The Regular Program consists of four skill areas, Living Skills, Manual Skills, Orientation and Mobility, and Visual Skills. This program is recommended as the starting point for a visually impaired veteran who has not had previous training. Veterans learn the skills to enhance their independence in everyday life.
Veterans can return for the Computer Access Training Program. Each veteran learns to use accessible technology to meet his/her needs, and receives the necessary equipment. This program strives to stay current with ever-changing access technology.
The Blind Rehabilitation Center offers subject-specific or advanced programs in electronic aids for reading, Orientation & Mobility (GPS), visual functioning, and skills to address Traumatic Brain Injury (TBI). These programs often include rapidly changing and improving technology.
Each veteran with remaining vision receives a low vision examination. The optometrist may prescribe special lenses or devices and training. Veterans participate in group and individual counseling to develop a realistic understanding of their visual condition. The optometrist works closely with the visual skills staff to monitor each Veteran's progress throughout training. In addition, a low vision outpatient clinic is conducted for legally blind and visually impaired Veterans living in the Chicago area one day per week. Hines BRC Optometry is active in leading Department of Veterans Affairs Research studies focused on improving rehabilitation services for persons with vision loss.
The goals of the Nursing and Medical staff at the Blind Center are to support the Veteran's health, wellness, and independence. Staff assists veterans to fully participate in the Blind Center program. Medical staff is on duty 24/7.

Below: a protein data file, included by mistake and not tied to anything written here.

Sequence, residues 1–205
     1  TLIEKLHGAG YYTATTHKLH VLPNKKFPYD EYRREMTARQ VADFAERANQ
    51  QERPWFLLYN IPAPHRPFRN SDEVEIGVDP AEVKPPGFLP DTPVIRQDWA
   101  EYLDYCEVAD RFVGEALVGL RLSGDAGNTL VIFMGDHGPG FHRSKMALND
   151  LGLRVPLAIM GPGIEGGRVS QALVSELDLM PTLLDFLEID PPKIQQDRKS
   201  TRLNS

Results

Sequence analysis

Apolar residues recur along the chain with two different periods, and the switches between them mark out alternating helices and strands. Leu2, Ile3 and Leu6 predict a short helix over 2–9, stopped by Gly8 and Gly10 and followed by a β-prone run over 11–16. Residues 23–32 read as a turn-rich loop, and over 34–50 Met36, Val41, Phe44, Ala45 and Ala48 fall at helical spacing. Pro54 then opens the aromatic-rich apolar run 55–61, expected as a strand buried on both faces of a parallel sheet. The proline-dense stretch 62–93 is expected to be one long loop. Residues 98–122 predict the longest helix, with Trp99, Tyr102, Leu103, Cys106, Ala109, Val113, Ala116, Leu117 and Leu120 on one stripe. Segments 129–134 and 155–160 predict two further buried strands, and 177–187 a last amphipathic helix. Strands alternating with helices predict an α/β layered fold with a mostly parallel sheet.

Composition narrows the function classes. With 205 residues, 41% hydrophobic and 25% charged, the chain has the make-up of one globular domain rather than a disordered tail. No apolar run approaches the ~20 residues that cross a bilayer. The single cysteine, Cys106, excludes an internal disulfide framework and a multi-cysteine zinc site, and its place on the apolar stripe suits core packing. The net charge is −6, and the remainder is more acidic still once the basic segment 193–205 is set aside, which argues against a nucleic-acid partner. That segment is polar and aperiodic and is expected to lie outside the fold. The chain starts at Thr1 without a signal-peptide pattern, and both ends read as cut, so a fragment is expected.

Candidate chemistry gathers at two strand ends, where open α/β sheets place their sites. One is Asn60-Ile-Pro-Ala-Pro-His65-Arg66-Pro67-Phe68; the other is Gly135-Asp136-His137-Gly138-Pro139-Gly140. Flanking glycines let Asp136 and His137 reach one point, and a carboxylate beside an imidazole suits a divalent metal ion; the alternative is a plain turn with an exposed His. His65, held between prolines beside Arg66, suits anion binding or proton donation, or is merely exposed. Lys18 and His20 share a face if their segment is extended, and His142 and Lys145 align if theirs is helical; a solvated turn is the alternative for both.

The social worker meets with each veteran to discuss social, emotional and family or relationship issues. Individual and group counseling sessions are offered to address problems such as adjustment to blindness, financial difficulties, housing problems, and family or relationship issues. Education and assistance concerning Powers of Attorney and Living Wills is provided. The social worker coordinates a Family Education Program when indicated by the Veteran's needs and recommended by the team. Family Education may be an in-person visit to the BRC or a conference call. Discharge planning may involve referrals to community and VA services available in the veteran's home area.
The full-time Clinical Psychologist is available to provide supportive counseling and education to the participating veterans. Care is provided though group and individual sessions. Psychological issues related to vision loss are the primary focus but other non-vision concerns may also be addressed. Among these are vocational counseling, memory training, anger management, progressive muscle relaxation, and any other personal or family concern that the Veteran may have. The overall goal is to improve the Veteran's self esteem and return them to a lifestyle that is at least as good as it was before losing vision.
The Blind Center ensures there are plenty of recreational activities for Veterans in the program. These are facilitated by the staff Recreational Therapist. Some examples include golf, bowling, pro sports games, swimming and diving activities, theatre, concerts, Chicago museums, and boat-tours. Many volunteers and service organizations provide entertainment and refreshments on evenings and weekends. All of these activities encourage camaraderie between the veterans.
The Visual Impairment Services Team Program (VIST) assists Veterans whose vision loss impacts their activities of daily living, and helps the Veterans and their families cope with the functional and emotional issues associated with vision loss. The program objectives are: to identify and inform eligible Veterans about services and benefits; to ensure that health care and rehabilitation services to these Veterans are made available; and to help them cope with vision loss. Patrick Zeinstra, VIST Coordinator, (708) 202-2351
Service members injured in combat may face multiple challenges such as memory difficulties, amputations, mental health issues, and vision problems. The Polytrauma BROS completes vision screenings for each returning service member. The BROS then provides any necessary training in vision therapy. As part of the Hines Polytrauma Team, the Blind Center continues to be a resource to much of the country.